The Self and the Other in the Light of the One: The Metaphysics of Human Diversity

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Contemporary approaches to integrating "self" and the "other"—such as multiculturalism, cultural diversity, race relations, inclusiveness strategies, or identity politics—are flawed from the perspective of traditional thought. At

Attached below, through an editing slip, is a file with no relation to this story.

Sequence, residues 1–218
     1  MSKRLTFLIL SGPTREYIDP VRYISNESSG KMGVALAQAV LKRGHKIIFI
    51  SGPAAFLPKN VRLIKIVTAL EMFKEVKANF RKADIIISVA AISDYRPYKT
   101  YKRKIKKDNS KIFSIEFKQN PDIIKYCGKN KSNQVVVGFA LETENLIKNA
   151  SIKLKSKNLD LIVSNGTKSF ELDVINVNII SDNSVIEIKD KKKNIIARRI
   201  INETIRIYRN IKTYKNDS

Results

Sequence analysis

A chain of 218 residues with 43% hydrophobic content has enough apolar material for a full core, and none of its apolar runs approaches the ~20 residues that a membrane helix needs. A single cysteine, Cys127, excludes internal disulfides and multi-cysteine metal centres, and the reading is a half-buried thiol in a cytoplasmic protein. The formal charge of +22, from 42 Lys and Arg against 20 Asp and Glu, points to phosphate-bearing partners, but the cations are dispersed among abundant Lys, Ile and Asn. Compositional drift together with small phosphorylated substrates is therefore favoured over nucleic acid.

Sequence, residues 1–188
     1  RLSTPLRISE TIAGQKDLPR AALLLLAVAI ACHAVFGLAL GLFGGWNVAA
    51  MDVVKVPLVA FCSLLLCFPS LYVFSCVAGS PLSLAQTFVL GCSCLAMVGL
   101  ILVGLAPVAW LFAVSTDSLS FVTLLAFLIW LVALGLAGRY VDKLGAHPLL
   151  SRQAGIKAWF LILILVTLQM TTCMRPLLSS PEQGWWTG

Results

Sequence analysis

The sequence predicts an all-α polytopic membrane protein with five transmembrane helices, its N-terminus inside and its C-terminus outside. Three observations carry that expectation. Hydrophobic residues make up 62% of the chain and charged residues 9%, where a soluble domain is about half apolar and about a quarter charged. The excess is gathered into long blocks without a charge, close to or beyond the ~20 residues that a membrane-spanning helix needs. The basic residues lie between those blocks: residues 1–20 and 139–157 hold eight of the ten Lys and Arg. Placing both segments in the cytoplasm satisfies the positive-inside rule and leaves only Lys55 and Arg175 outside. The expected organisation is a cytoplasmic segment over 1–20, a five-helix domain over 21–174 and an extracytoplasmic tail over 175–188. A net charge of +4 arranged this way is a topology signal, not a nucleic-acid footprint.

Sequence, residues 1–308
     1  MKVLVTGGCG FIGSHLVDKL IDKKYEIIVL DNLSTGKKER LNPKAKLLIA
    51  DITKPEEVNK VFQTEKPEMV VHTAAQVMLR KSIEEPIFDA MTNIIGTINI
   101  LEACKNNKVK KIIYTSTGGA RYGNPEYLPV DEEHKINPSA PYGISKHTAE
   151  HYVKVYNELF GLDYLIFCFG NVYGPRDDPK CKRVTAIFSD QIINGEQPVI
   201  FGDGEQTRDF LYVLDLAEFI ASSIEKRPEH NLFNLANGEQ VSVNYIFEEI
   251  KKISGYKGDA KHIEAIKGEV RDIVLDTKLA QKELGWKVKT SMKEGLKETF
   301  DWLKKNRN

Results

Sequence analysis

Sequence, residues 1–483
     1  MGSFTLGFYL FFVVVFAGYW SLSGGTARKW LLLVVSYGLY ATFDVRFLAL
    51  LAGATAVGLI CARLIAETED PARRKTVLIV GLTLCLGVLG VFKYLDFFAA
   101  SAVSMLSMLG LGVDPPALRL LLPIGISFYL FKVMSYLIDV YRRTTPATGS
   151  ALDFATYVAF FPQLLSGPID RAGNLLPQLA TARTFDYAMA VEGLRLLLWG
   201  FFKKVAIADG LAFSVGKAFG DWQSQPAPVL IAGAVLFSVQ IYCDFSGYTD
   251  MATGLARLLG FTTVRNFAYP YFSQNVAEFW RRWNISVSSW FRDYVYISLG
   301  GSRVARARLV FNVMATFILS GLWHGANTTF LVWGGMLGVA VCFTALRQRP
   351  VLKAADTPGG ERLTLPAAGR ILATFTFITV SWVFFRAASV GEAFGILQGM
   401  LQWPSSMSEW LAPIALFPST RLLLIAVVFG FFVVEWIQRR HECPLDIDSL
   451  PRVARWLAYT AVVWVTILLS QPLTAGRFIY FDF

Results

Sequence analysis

34 SACRED WEB 41 The Self and the Other in the Light of the OneThe Metaphysics of Human Diversity  By Samuel Bendeck Sotillos “[W]hat is your srcinal face before your mother and father were born?” 1    Hui Neng  “In all faces the face of faces is seen veiled and in enigma.” 2  Nicholas of Cusa “Each thing hath two faces, a face of its own, and a face of its Lord; in respect of its own face it is nothingness, and in respect of the Face of God it is Being.Thus there is nothing in existence save only God and His Face” 3  Al-Ghaz  ā l  ī    “[F]ace to face with the One that appears as many.” 4 Ś  r  ī Ā  nandamay ī  M  ā T he contemporary world has been heralded as “post-racial” suggesting that racism is a problem of the distant past and that it has somehow been eradicated. This view is sadly untrue. A prime example is the rise of xenophobia, especially in the post-9/11 era. This is not unrelated to other monstrous and horrific crimes that are proliferating around 1 Hui Neng, quoted in The Platform Sutra of the Sixth Patriarch: The Text of the Tun-huang  Manuscript  , trans. Philip B. Yampolsky (New York, NY: Columbia University Press, 1967), p. 134. 2 Nicholas of Cusa, “On the Vision of God,” in  Nicholas of Cusa: Selected Spiritual Writings , trans. H. Lawrence Bond (Mahwah, NJ: Paulist Press, 1997), p. 224. 3  Al-Ghaz ā l  ī  , quoted in Martin Lings,  A Sufi Saint of the Twentieth Century: Shaikh Ahmad  Al-‘Alaw  ī   , His Spiritual Heritage and Legacy  (Cambridge, UK: Islamic Texts Society, 1993), p. 123.   4 Ś r   ī Ā nandamay   ī M ā , quoted in Alexander Lipski,  Life and Teaching of Ś r   ī Ā nandamay  ī  M  ā  (Delhi, India: Motilal Banarsidass, 1993), p. 11.  35 SACRED WEB 41 the globe such as ethnic cleansing, genocide, racial profiling, occupation, deportation, incarceration, violence and economic and environmental injustice. An imperative challenge of the contemporary world is how to properly contextualize and relate the “self” with the “other”. Who exactly is the “other” and what is “otherness”? Influential Muslim scholar Profes-sor Seyyed Hossein Nasr has commented that “This question of ‘the other’ has become the subject of some concern in the contemporary period because the 20th century, as well as this century, have been witness to such brutal vilification of so many ‘others’, so many groups viewed as the other, as the alien, as the foreign, as that which is threatening and  which therefore should be opposed and even destroyed.” 5  This matter is far too important to examine at a surface level or to allow it to be considered through the platitudes and soundbites of the mass media’s echo chamber. Both the “other” and “otherness” at the inmost level reflect the profound epistemological and ontological crisis of identity in today’s world. At its very core modernism and postmodernism are inimical to and destructive of all human diversity. The “self” and the “other” are not as separate as each might imagine, because diversity is an aspect of the sacred Oneness underlying phe-nomena: “All is one, all is diversity.” 6   It is with a metaphysical perspective informed by the perennial philosophy and spiritual psychology that human diversity and the putative irreconcilable dichotomy of “self” and “other” can be fully understood. 7  This is because human identity belongs ultimately to the Divine and needs to return to its Archetype in divinis : “‘Otherness’ is a veil over our eyes woven by our own imagination. Neither we ourselves nor the things we perceive outside of ourselves are truly other than God.” 8  Integral metaphysics teaches that there is only Oneness and that, “There is neither self nor other.” 9  Ultimately, the “self” 5 Seyyed Hossein Nasr, “The Self and the Other: Re-Evaluating their Meaning in Our Lives,” Sophia: The Journal of Traditional Studies , Vol. 16, No. 2 (2011), p. 54. 6 Pascal, “Contradictions,” in  Pensées , trans. A.J. Krailsheimer (New York, NY: Penguin Books, 1984), p. 62. 7 See Samuel Bendeck Sotillos, “Human Diversity in the Mirror of Religious Pluralism,”  Religions: A Scholarly Journal  , No. 9 (2016), pp. 121-134. 8 R  ū m  ī  , quoted in William C. Chittick, The Sufi Path of Love: The Spiritual Teachings of Rumi (Albany, NY: State University of New York Press, 1983), p. 304. 9 “Saraha’s Treasury of Songs,” in  Buddhist Texts Through the Ages , trans. and ed. Edward Conze, I.B. Horner, David Snellgrove and Arthur Waley (London, UK: Oneworld Publica-tions, 2014), p. 228. The Self and the Other in the Light of the One –  Samuel Bendeck Sotillos  i SACRED WEB 30 To read the balance of this article, please subscribe to this volume.
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